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What is Public Finance?

by GBAF mag

Public finance is simply the study of government’s role in the economy. It is also the branch of economic science that evaluates the state of government revenue expenditure and governmental budget of the nation and the long-term adjustment of either or both to attain desirable political effects and avoid undesired ones. This branch also attempts to shed light on the effect of policy changes on economic activities. In fact, public finance gives great importance to economic growth, which is essential for a country’s progress and prosperity.

The scope of public finance revolves around macroeconomics. However, for many of us who are relatively less acquainted with the field, there exists an easy way of putting things together. Public finance theory basically speaks about the relationship between fiscal policy and monetary policy.

Basically, public finance focuses on the idea that taxation should be used to redistribute wealth. Thus, the goal of taxing is not to accumulate wealth but to use it in ways that benefit the public. For instance, if taxes are raised, then the poor will get some help from the revenues. On the other hand, when taxes are lowered, then those at the top of the scale will also get a benefit through the increased tax revenues.

By doing this, the public sector is made less dependent on the speculative instincts of private markets. This prevents over-correction of market failures. Over-correction in the public sector may lead to public sector fragility. Over-correction can occur when government interventions make the market “sticky” or do not change prices fast enough.

Public finance theory also looks into the effect of interest rates on government debt. The logic of this is that high interest loans create additional government expenditure because private lenders charge higher interest rates than government banks. If interest rates become too high, then there will be less demand for bank financing leading to less government revenue. In addition, when the public sector does not take up more bank financing, then there will be pressure to monetize assets via interest rates, thus causing economy-wide inflation.

The concern with public finance is that there are economic fluctuations because of general macroeconomic conditions such as GDP growth and employment growth. When unemployment is high, public spending may be encouraged to increase to pay for rising unemployment. Consequently, if the interest rate is too low, then tax revenues are likely to decline leading to lower government debt. This can result in public dissatisfaction with public sector deficits and lead to higher interest rates overall.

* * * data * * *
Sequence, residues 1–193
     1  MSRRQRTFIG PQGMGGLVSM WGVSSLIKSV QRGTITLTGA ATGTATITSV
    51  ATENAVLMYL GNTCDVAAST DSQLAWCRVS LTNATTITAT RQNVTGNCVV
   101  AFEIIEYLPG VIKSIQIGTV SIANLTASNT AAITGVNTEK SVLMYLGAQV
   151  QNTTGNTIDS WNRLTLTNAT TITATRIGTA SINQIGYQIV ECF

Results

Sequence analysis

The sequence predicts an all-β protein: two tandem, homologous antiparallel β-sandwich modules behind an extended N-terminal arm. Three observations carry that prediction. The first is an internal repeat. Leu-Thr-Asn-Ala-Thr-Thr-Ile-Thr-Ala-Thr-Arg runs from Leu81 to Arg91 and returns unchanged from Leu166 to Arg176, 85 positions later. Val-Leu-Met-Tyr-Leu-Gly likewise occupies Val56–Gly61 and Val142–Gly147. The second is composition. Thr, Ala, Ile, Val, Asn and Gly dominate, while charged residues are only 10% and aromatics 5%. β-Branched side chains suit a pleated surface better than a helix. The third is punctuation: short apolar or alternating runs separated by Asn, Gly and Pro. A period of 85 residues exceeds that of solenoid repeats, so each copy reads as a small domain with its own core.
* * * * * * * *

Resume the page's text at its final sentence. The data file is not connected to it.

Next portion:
The concern with public finance in practice is that excessive deficits can lead to economic devaluation. A balanced approach to public finance would involve reducing budget deficits, increasing national debt, and cutting government spending. Cutting government spending can be difficult as most people prefer to spend their money on items that make them feel better about the nation. Reducing the deficit is difficult because most households receive a large portion of their income from wages and salaries. Similarly, reducing government debt reduces the national debt since the amount of debt owed by the Federal government is greater than the amount of money currently available in the system to repay it.

There is a problem of inadequate information if only a portion of public finance activity is focused on budgeting and taxation. Public officials should make sure that they are able to accurately identify revenue sources and expenditure, as well as work out long term plans for expenditure. Governments should also consider whether current laws need to be changed to accommodate changes in tax and revenue practices. Finally, if public finance officials are unable to implement effective policies, this may mean that revenue will decline and government debt will rise.

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